We’ve all been in meetings like this. I would argue they are the norm. As leaders, we want to offer direction and clarity. As contributors, we want to have our ideas heard and be viewed as strong and assertive. But what impact is that having? Are we actually leading or are we just acting like we think a leader should?
Here are 3 reasons I think leaders should speak less and wait longer to speak in meetings:
1. Inspire Creativity
When a leader speaks early and decisively in a meeting, he or she artificially constrains creativity. Put yourself in the shoes of the other meeting participants for a moment. A strong leader or manager makes a decisive argument at the beginning of the meeting and then asks for other ideas. This sets artificial constraints for everyone else. Whether you realize it or not you’ve set mental boundaries for the types of ideas now likely to be brought forward.
For example, the problem set out for a meeting is to close a gap in sales. The leader starts off with a strong idea about a new type of marketing campaign. Then he asks for other ideas from the group. The tendency now will be to build on the first idea or to suggest other ideas for marketing campaigns. Without knowing it, the leader has artificially constrained all the thinking and dialogue. What if a marketing campaign wasn’t the only way to close the sales gap? What if there are entire other lines of thinking? You’ve lost those now.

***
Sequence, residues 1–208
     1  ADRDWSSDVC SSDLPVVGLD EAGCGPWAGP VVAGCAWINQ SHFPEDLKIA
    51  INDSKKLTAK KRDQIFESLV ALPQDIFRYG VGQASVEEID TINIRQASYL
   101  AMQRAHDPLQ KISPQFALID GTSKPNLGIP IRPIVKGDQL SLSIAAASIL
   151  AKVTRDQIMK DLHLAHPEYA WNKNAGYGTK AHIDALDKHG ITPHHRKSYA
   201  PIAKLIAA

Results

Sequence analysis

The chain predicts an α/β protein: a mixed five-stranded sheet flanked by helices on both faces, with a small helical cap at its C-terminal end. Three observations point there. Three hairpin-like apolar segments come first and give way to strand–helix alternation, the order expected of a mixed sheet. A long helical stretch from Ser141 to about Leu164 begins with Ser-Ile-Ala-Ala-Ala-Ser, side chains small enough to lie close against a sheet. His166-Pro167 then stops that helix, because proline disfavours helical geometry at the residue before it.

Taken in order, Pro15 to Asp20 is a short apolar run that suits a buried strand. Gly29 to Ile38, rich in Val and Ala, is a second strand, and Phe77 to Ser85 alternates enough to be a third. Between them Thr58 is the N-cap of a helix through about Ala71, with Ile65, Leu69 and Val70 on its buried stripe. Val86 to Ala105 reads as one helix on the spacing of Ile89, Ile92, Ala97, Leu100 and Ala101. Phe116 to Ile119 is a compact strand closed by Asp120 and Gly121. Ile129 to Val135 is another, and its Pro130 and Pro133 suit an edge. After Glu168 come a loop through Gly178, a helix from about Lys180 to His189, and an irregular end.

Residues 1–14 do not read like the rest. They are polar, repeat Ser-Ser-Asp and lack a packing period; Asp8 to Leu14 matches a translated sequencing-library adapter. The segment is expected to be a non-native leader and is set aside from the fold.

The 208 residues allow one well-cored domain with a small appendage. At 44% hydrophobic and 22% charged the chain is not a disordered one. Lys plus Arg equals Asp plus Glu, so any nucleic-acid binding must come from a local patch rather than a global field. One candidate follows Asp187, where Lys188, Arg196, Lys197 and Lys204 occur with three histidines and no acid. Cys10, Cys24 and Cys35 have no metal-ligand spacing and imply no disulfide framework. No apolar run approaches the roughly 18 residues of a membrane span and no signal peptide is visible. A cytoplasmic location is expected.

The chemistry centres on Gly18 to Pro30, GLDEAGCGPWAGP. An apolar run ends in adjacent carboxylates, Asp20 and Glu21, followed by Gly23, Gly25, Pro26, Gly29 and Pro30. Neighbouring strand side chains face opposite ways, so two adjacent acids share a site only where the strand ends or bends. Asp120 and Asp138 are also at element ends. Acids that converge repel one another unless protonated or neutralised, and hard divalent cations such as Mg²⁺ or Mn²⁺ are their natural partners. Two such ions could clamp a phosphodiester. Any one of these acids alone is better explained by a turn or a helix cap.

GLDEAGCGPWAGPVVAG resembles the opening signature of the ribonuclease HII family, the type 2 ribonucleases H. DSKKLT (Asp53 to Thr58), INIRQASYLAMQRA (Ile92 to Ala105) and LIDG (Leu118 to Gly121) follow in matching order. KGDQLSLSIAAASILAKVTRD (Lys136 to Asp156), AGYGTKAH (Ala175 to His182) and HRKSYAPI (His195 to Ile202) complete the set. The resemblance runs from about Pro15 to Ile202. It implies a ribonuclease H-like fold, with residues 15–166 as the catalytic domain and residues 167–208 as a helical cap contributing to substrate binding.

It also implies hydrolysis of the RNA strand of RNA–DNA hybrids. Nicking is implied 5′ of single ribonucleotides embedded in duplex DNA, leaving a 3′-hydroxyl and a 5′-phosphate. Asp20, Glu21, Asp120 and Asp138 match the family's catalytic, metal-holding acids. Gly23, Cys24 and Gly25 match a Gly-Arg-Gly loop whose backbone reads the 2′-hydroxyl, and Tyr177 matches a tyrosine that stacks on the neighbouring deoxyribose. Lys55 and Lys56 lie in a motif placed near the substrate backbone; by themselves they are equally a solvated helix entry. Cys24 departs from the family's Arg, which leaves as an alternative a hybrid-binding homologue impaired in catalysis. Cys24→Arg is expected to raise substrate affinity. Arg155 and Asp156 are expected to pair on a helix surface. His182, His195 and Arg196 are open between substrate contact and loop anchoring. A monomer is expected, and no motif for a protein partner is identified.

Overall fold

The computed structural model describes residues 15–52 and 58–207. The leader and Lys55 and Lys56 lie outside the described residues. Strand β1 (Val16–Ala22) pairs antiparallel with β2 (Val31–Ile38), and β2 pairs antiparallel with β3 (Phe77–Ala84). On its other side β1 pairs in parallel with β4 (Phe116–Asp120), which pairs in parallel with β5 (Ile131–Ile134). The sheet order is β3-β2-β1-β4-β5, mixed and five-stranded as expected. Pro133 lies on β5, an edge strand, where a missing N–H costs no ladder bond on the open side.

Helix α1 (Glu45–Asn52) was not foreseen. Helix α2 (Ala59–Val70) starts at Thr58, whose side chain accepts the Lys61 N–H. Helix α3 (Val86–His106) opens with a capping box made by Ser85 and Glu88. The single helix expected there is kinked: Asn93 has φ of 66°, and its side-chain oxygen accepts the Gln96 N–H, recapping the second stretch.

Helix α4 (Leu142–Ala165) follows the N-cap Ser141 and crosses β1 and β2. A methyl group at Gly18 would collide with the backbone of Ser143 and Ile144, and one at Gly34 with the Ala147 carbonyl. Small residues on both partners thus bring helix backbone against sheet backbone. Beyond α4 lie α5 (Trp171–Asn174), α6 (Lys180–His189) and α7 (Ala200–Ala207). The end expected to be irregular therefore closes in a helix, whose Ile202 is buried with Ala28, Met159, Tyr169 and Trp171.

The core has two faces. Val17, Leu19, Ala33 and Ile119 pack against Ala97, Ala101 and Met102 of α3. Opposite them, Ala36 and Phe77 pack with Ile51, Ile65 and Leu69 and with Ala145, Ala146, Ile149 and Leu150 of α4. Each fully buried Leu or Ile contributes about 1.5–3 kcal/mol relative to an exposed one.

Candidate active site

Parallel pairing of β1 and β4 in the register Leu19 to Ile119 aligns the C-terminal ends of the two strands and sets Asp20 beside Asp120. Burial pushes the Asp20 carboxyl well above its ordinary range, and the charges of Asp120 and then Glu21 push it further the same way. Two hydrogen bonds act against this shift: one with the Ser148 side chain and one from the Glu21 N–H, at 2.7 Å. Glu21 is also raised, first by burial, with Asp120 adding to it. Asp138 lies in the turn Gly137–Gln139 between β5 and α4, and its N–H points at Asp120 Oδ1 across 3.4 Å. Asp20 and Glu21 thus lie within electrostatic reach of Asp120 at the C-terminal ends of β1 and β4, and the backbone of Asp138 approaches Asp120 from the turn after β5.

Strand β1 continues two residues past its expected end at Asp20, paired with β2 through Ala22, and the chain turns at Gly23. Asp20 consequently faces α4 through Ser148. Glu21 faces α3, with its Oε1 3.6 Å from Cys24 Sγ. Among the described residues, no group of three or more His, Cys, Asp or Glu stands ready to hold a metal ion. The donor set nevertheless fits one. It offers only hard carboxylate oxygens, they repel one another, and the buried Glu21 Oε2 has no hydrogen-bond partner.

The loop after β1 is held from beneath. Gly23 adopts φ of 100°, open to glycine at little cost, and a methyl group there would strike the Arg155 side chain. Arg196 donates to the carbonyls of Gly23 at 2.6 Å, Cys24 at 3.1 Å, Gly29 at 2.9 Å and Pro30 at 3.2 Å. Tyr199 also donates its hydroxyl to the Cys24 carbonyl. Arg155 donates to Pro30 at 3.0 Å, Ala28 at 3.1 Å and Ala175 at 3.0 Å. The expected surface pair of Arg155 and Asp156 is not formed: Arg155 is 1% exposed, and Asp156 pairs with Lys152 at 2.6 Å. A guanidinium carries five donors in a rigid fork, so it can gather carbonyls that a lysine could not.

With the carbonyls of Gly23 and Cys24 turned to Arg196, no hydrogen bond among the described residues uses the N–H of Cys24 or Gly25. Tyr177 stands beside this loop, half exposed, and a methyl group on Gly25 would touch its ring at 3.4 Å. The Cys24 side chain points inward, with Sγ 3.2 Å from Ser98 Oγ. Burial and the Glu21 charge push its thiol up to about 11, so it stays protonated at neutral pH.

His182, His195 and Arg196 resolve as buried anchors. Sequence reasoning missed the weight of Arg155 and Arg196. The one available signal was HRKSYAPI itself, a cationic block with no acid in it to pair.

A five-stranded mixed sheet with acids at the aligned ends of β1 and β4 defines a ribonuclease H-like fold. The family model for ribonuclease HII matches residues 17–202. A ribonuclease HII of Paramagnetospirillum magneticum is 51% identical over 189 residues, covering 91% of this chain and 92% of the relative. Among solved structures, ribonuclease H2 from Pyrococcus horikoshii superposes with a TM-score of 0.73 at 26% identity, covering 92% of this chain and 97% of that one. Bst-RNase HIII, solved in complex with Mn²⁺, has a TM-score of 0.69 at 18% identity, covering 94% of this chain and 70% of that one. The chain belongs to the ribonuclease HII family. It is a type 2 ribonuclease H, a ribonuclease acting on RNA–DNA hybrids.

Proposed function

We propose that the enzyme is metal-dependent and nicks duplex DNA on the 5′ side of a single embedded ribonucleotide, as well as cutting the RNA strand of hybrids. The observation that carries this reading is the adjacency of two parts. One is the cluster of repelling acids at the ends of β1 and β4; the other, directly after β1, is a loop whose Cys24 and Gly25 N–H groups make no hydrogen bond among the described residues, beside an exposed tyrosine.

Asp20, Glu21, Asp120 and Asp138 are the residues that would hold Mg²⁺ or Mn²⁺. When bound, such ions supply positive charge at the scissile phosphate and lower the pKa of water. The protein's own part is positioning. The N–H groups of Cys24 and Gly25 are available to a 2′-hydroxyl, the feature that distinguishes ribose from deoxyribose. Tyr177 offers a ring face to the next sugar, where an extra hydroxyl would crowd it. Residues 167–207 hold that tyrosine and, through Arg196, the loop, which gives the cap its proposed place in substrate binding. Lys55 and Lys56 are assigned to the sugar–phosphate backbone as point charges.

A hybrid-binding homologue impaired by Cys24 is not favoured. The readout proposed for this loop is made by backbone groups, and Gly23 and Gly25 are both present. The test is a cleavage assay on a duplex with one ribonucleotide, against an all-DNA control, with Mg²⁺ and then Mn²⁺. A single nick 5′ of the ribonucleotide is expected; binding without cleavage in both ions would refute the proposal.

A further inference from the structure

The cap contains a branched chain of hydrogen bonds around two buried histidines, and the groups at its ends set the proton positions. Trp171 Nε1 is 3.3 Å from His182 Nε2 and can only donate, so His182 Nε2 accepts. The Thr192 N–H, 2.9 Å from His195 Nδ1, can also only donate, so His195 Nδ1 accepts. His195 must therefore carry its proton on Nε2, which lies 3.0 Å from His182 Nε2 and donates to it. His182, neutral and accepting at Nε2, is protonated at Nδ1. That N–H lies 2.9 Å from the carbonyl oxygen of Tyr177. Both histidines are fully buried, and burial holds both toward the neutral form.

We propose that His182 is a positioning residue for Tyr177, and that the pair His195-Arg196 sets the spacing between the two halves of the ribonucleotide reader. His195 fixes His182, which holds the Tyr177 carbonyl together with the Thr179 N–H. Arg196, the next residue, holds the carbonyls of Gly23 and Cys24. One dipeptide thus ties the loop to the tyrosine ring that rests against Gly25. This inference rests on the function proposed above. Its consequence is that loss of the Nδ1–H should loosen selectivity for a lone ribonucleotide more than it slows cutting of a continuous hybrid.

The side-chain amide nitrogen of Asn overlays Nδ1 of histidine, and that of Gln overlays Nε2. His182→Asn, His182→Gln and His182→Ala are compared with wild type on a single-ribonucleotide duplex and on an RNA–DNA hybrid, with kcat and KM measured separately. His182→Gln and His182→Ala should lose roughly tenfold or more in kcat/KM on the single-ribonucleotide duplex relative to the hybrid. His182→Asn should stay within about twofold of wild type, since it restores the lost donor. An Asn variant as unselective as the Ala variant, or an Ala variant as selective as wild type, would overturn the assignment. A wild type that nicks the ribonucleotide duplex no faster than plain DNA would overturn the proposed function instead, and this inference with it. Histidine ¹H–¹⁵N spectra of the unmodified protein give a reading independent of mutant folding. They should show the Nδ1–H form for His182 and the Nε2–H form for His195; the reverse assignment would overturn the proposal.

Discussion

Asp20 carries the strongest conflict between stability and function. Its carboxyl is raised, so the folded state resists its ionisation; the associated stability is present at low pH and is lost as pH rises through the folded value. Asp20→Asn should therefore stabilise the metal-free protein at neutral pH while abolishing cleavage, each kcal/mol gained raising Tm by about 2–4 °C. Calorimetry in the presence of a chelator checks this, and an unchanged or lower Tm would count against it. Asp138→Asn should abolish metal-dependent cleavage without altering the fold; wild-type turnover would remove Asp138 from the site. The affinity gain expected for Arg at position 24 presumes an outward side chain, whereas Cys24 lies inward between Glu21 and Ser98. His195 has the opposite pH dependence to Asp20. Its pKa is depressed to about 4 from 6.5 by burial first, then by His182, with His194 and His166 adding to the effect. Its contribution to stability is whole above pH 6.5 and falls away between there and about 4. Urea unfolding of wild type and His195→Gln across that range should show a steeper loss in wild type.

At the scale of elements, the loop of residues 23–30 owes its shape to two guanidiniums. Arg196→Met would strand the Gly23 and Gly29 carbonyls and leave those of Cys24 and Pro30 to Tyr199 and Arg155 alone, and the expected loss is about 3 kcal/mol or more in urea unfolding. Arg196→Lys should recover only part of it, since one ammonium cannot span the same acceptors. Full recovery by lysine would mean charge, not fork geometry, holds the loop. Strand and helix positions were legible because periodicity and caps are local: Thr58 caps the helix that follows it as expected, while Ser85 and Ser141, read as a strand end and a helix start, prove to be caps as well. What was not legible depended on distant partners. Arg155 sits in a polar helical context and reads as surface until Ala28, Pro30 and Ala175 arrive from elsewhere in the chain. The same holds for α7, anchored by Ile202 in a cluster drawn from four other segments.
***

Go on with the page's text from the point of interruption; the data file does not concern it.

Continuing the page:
When a leader speaks assertively and early in a conversation, the other participants are more likely to align to that idea or build upon that idea. To insert a fundamentally different idea feels combative. It feels risky. You’ve inadvertently created a situation where only the strongest participants will have the courage to counter your thinking. You’ve limited creativity.
My advice to managers is to start meetings by setting the most basic context e.g. here is the problem we’re trying to solve. Then, whether you have a great idea or not, start by soliciting ideas from the group before giving an opinion. You’ll free the team up to be creative and you’ll probably end up discovering your ideas weren’t as good as you thought they were.
2. Activate the Introverts
Most meetings are dominated by extroverts. This is not optimal because they don’t hold a monopoly on good ideas. When you start too strong in meetings, by inserting your opinions and taking strong positions on issues, you make it harder for anyone other than type “A” personalities to participate. This is a flawed strategy that reduces the number of potential ideas in any meeting you’re in.